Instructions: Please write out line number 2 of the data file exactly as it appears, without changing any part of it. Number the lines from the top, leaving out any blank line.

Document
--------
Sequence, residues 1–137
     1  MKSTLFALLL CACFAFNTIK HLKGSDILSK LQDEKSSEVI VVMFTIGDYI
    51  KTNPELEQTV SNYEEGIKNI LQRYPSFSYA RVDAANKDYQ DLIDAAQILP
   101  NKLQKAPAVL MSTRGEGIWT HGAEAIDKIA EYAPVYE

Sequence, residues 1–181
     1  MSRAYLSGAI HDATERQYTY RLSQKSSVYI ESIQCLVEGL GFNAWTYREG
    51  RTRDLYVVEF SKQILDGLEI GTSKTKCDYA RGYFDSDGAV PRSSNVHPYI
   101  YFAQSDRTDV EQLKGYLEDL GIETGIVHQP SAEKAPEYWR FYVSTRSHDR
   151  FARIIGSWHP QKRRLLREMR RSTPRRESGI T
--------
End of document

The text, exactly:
     1  MKSTLFALLL CACFAFNTIK HLKGSDILSK LQDEKSSEVI VVMFTIGDYI